Charles Perrault first published his collection of classic French folk tales 300 years ago, including "Cinderella," "Sleeping Beauty," and this entertaining story about a most clever feline. In Puss and Boots, a poor miller dies and leaves his youngest son nothing but a cat. The son is none too happy about it, either; " ...once I've eaten my cat and made a muff out of the fur, I'm sure to starve," he says. But what a legacy the bequeathed cat turns out to be! The cat in tall boots creates a new identity for the youngest son--the Marquis of Carabas, complete with fine clothes, fields of wheat, a castle stolen from an ogre, and in the end, the respect of the king and the hand of the king's daughter. The story itself is gracefully and humorously told, and the text, set in large gray type, adds an old-fashioned air to the tale.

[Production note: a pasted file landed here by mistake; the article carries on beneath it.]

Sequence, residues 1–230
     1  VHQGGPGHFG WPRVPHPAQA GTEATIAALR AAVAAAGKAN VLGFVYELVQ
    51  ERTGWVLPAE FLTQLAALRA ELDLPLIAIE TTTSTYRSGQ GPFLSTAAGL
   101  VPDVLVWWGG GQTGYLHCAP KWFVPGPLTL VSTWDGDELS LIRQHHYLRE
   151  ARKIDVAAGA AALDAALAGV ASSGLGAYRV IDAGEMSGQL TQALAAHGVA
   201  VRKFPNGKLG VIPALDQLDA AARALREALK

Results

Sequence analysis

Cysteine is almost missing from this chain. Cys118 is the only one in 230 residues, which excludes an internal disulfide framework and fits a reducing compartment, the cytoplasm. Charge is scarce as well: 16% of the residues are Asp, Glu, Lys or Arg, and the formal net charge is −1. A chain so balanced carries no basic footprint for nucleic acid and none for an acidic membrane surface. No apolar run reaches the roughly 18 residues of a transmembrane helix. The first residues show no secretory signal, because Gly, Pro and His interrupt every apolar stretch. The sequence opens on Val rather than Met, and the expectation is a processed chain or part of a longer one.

Fred Marcellino's illustrations for Puss in Boots--a Caldecott Honor Book--are infused with golden light and summer warmth in the sun-dappled woods and beside the fields of ripe grain. Many of his paintings show a masterful use of perspective; the reader sometimes looks down on a scene as though from a balcony, or from below, at a huge charging lion. Marcellino has also illustrated a version of Hans Christian Andersen's The Steadfast Tin Soldier and two books by Tor Seidler, A Rat's Tale and The Wainscott Weasel. Young listeners won't soon forget this crafty character of a cat, who has a great deal of charm despite his less-than-honest means of helping his master. (Ages 5 to 9) [via]